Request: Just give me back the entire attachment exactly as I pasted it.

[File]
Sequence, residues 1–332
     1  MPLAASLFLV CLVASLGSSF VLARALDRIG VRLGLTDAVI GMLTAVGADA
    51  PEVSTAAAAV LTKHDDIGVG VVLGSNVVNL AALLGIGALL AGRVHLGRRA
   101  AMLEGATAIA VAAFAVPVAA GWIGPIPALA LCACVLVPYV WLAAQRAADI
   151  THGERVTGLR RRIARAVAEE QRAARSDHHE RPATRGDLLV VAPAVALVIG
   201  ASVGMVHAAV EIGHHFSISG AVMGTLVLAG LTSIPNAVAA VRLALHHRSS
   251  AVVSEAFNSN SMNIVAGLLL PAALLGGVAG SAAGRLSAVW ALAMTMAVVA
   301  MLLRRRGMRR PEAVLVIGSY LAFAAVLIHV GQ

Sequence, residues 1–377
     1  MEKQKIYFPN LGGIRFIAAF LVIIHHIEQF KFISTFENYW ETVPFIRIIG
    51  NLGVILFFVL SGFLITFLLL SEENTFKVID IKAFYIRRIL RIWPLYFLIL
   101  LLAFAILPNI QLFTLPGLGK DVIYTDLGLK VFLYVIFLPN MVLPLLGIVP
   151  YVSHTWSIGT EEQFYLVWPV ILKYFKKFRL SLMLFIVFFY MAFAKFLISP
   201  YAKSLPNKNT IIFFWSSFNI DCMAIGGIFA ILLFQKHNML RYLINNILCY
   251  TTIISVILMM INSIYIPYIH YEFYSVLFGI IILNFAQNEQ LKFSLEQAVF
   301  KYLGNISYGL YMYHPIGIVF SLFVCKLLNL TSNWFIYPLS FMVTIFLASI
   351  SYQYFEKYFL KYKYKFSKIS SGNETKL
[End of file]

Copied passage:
Sequence, residues 1–332
     1  MPLAASLFLV CLVASLGSSF VLARALDRIG VRLGLTDAVI GMLTAVGADA
    51  PEVSTAAAAV LTKHDDIGVG VVLGSNVVNL AALLGIGALL AGRVHLGRRA
   101  AMLEGATAIA VAAFAVPVAA GWIGPIPALA LCACVLVPYV WLAAQRAADI
   151  THGERVTGLR RRIARAVAEE QRAARSDHHE RPATRGDLLV VAPAVALVIG
   201  ASVGMVHAAV EIGHHFSISG AVMGTLVLAG LTSIPNAVAA VRLALHHRSS
   251  AVVSEAFNSN SMNIVAGLLL PAALLGGVAG SAAGRLSAVW ALAMTMAVVA
   301  MLLRRRGMRR PEAVLVIGSY LAFAAVLIHV GQ

Sequence, residues 1–377
     1  MEKQKIYFPN LGGIRFIAAF LVIIHHIEQF KFISTFENYW ETVPFIRIIG
    51  NLGVILFFVL SGFLITFLLL SEENTFKVID IKAFYIRRIL RIWPLYFLIL
   101  LLAFAILPNI QLFTLPGLGK DVIYTDLGLK VFLYVIFLPN MVLPLLGIVP
   151  YVSHTWSIGT EEQFYLVWPV ILKYFKKFRL SLMLFIVFFY MAFAKFLISP
   201  YAKSLPNKNT IIFFWSSFNI DCMAIGGIFA ILLFQKHNML RYLINNILCY
   251  TTIISVILMM INSIYIPYIH YEFYSVLFGI IILNFAQNEQ LKFSLEQAVF
   301  KYLGNISYGL YMYHPIGIVF SLFVCKLLNL TSNWFIYPLS FMVTIFLASI
   351  SYQYFEKYFL KYKYKFSKIS SGNETKL